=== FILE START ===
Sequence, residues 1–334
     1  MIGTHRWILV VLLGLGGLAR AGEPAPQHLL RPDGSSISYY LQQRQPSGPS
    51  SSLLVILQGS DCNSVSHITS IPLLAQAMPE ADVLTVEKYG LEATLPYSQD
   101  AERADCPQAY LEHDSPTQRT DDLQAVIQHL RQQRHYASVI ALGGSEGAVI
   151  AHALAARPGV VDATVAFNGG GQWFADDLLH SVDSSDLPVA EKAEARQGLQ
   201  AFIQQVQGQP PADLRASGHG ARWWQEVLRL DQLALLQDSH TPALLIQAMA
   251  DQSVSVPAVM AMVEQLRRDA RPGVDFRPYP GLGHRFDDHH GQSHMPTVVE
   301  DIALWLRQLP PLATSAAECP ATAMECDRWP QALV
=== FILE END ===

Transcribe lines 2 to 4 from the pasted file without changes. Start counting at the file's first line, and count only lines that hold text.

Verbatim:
     1  MIGTHRWILV VLLGLGGLAR AGEPAPQHLL RPDGSSISYY LQQRQPSGPS
    51  SSLLVILQGS DCNSVSHITS IPLLAQAMPE ADVLTVEKYG LEATLPYSQD
   101  AERADCPQAY LEHDSPTQRT DDLQAVIQHL RQQRHYASVI ALGGSEGAVI